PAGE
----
There’s still a lot of fun to be had when you consider the collective of the Jaguar F-Type R Coupe’s parts. For one, it looks stunning. Even the styling refresh from 2021 keeps the F-Type relevant among exotics, in addition to retaining its muscular demeanor in the shape of the flowing sheet metal. Even the motorized rear spoiler that raises at 72 mph for added downforce and lowers at 52 mph adds an exotic flare. While the F-Type may not beat its competition in a track battle, it has the merit of being a classy looker with a mean engine, just like you would expect out of a Jaguar.
The Jaguar F-Type R Coupe is rather thirsty when you’re having even a little fun. I find that the EPA estimates of 16 mpg city, 24 mpg highway, and 18 mpg combined are mostly attainable if you consciously drive at or below posted speed limits. Anything over, you’ll easily get worse numbers – but who’s really buying such a vehicle for the fuel economy?
Jaguar has had its time of suffering from glitchy or outdated technology surrounding their infotainment systems from this past decade. Recently, some of the updated equipment in newer Land Rover and Jaguar vehicles has been impressive. However, Jaguar retains some of that older tech in the infotainment system of the F-Type, where the setup remains rather frustrating in its operation even with the recent updates. The 10-inch touchscreen’s resolution looks poor, and the response of many controls may take a while to respond in some instances. There’s not much consistency about the system, even though it proves to be straightforward once you overcome a cumbersome learning curve.
The good part about the infotainment system is that you have integration of Apple CarPlay and Android Auto through a USB connection, along with a Meridian audio system that sounds good only if you take the time out to tune it properly through its sound settings.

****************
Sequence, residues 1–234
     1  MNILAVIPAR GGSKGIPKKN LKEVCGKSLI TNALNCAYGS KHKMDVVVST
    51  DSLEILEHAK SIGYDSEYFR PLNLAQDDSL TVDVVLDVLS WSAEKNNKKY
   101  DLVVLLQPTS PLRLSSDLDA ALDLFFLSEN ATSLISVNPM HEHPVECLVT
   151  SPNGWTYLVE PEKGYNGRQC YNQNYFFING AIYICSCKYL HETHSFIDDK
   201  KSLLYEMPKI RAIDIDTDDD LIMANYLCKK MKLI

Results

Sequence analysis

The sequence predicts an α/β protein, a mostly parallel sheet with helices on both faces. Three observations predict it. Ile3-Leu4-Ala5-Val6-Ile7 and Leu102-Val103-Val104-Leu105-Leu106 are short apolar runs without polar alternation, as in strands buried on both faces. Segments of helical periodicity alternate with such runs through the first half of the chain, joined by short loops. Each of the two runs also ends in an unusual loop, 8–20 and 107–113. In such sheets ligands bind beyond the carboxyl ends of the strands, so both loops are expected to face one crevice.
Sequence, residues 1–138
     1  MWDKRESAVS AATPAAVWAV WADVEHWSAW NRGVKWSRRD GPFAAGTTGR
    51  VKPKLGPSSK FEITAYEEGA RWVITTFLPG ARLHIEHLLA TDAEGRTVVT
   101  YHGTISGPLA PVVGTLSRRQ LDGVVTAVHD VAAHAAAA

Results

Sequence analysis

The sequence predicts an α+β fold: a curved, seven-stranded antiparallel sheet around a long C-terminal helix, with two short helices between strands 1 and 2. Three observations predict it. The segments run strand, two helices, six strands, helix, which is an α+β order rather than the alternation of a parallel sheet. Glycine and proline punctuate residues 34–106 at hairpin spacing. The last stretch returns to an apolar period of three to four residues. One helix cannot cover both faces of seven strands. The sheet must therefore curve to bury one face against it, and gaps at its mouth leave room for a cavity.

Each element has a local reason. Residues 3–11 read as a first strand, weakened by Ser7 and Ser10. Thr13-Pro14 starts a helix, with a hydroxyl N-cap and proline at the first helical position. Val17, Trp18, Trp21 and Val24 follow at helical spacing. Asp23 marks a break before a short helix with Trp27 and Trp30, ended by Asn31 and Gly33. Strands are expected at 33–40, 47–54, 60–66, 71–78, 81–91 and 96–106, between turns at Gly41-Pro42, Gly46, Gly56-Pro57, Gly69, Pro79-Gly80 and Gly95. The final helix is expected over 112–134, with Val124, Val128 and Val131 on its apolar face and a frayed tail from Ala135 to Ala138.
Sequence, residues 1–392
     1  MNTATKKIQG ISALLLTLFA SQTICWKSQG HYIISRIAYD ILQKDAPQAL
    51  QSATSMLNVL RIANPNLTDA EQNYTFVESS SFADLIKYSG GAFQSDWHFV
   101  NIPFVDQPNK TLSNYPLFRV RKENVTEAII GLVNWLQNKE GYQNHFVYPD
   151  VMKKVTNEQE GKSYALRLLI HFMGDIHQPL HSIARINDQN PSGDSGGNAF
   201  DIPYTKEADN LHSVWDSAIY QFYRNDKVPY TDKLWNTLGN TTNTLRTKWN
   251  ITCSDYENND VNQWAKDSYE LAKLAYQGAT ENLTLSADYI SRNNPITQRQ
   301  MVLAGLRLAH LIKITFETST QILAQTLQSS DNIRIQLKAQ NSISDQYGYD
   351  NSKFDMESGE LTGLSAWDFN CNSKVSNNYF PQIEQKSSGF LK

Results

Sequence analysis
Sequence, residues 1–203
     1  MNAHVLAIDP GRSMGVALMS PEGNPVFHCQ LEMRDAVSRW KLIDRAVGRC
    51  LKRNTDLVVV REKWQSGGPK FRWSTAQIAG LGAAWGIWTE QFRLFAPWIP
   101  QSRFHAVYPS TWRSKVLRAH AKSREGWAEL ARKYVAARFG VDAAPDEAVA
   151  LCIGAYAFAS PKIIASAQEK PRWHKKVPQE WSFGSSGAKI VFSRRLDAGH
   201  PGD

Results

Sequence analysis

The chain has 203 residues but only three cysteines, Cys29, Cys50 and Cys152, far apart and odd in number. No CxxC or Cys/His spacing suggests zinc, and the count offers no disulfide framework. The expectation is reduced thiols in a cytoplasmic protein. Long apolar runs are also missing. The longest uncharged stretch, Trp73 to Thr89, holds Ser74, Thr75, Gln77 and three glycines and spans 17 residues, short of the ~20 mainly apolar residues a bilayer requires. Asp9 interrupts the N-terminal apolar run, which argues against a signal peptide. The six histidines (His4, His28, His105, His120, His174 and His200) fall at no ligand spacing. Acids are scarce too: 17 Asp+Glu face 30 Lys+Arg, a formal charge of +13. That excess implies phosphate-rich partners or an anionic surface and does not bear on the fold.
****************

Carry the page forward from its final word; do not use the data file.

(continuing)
The seating area is good, as there is a respectable amount of space inside the cabin for two. The nicely padded sports seats with heating and cooling have a long range of adjustability but may not go low enough if you are very tall. There are plenty of soft-touch surfaces throughout, and the expected leather-laced cabin feel that’s customary for a Jaguar, but nothing that really stands out other than the motorized center vents that rise in a slow dramatic fashion only when they are used and then slowly return to a hidden state when you turn off the vehicle or switch to the lower climate vents. There’s also the option of a fixed glass roof with a manual sunshade, which is found on my test vehicle.
The cargo space, as said many times before in my previous reviews of the F-Type, is surprisingly large, accessed by a power rear hatch. The area is easily accessible and is more than enough space for packing weekend luggage for two.
There’s a bevy of expected active safety features included in the Jaguar F-Type, with the blind-spot monitors being a necessity as there are a couple of rather large blind spot areas. Otherwise, you get the typical lane-keeping assist, automatic emergency braking, parking sensors, driver attention warning, and a rearward-view-only backup camera.
The Jaguar F-Type hasn’t deviated far from its pricing scale since its inception, with a starting price of $73,400 for the base P450 RWD Coupe. Still offering a convertible F-Type is a plus for Jaguar, with a starting price of $76,700. My loaded-up F-Type R Coupe comes to an as-tested price of $121,780, which is right about where the F-Type has always been for almost its entire generation.